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The Government has confirmed the Plug-In Car Grant will be extended until 2022-23 as part of a raft of Budget announcements.

The grant itself has been cut from £3,500 to £3,000 and is effective immediately, while cars costing more than £50,000 are excluded. The Department for Transport these changes “will allow more drivers to benefit from making the switch for longer.”

As before, electric van owners can save up to £8,000 on the cost of a new LCV.

From April, zero emission cars will be exempt from the ‘expensive car’ first-year VED supplement for vehicles costing over £40,000., which currently stands at £310 a year for years 2-5, however, a call for evidence has been launched on how a VED reform could lower emissions, with the Government suggesting a a granular system, whereby the first licence VED liabilities would be calculated exactly according to the carbon emissions recorded on a vehicle model’s certificate of conformity, for example with an owner of a vehicle that emits 129g/km of CO2 paying less than someone with a vehicle that emits 130g/km of CO2.

ICFM and ACFO say Tory win paves the way for 0% EV BIK rates from April - Gallery Image - PHEV plugged-in and charging

The Government has also confirmed it will carry out a manifesto pledge to provide £500 million over the next five years to support the rollout of a fast-charging network for electric vehicles to “ensure that drivers will never be further than 30 miles from a rapid charging station,” while it added the Office for Low Emission Vehicles will complete an electric vehicle charging infrastructure review.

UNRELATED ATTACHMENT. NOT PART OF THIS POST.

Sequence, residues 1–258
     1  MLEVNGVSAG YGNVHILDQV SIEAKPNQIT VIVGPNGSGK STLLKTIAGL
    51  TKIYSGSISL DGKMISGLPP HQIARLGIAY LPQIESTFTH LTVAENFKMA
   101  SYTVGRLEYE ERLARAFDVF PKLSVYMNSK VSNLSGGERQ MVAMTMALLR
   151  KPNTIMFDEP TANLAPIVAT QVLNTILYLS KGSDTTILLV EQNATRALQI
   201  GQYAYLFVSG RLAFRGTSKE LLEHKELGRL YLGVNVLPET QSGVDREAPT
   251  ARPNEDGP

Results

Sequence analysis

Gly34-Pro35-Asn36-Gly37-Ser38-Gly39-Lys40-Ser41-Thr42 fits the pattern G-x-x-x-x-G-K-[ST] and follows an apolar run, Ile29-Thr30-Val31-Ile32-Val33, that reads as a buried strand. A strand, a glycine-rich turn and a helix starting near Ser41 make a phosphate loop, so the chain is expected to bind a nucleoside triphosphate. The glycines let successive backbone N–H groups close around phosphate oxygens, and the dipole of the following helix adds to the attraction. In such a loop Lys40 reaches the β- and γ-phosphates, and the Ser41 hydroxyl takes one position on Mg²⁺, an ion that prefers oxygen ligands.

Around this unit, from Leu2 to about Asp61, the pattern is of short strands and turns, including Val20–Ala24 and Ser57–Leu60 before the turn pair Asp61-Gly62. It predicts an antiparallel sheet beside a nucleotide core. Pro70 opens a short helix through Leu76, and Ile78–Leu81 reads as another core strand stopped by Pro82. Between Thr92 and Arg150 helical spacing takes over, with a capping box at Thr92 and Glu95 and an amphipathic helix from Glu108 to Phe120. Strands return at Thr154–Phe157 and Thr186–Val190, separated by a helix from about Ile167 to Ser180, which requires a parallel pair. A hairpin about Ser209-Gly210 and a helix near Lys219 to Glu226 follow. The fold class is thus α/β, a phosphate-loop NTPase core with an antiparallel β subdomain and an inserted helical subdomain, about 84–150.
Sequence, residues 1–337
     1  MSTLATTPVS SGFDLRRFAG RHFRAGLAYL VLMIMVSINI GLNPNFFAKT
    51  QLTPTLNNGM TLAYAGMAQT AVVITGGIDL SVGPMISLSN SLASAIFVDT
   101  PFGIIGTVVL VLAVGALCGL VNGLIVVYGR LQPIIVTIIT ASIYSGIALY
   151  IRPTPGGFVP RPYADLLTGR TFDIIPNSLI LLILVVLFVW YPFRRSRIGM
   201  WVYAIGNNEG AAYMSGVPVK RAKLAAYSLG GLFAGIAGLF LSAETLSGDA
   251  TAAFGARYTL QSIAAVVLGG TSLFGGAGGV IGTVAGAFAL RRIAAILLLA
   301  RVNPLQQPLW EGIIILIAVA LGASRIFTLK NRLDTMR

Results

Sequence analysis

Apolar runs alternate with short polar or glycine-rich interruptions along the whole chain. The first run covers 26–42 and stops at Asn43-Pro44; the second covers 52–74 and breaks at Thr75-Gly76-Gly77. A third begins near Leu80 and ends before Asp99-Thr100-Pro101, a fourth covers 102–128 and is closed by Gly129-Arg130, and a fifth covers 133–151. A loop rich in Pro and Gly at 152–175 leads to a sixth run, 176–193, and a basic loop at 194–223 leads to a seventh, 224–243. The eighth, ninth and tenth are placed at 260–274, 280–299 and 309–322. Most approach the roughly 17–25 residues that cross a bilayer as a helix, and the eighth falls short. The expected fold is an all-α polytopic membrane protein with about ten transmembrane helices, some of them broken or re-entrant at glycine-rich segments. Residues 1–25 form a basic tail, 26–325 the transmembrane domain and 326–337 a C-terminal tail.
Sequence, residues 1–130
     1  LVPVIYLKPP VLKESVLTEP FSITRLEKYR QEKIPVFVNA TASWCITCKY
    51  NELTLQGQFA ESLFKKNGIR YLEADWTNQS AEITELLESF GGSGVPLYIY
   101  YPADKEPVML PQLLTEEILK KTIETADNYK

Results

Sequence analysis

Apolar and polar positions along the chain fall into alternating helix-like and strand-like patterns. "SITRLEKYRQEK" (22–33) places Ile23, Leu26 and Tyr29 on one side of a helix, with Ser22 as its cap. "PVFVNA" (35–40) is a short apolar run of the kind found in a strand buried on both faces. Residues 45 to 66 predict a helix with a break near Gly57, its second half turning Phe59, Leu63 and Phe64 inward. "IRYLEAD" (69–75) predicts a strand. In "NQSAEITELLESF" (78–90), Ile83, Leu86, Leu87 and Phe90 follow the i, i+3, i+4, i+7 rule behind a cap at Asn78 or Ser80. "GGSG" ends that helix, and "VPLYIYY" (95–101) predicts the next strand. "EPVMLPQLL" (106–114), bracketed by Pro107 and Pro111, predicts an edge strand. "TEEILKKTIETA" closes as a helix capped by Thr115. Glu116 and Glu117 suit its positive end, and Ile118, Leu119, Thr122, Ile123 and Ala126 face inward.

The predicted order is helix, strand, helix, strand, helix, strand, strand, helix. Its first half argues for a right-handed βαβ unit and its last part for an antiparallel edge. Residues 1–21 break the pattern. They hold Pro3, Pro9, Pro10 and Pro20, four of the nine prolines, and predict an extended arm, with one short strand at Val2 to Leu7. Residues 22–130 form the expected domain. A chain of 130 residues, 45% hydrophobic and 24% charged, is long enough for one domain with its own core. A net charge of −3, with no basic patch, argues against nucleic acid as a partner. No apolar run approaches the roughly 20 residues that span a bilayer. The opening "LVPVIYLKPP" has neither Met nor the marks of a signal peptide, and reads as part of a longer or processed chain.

Fleet drivers have also been given reassurances surrounding company car tax rates as the Government said it will freeze rates at the 2022-23 levels for a further two years until 2024-25.

Fuel duty will also remain frozen for a 10th year in a row, saving the average car driver £1,200 since 2010, the Government added.

The Government has also confirmed it will spend £500 million a year on filling in potholes, suggesting this fund will fill in around 50 million potholes across the country in the next five years.

That pothole fund is on top of a £27 billion investment programme into roads over the next five years, with schemes targeted including dualling the A66 Trans-Pennine and upgrading the A46 Newark bypass, improving the M60 Simister Island, building the Lower Thames Crossing,    building a new dual carriageway and a two-mile tunnel to speed up journeys on the A303, and to remove traffic from Stonehenge.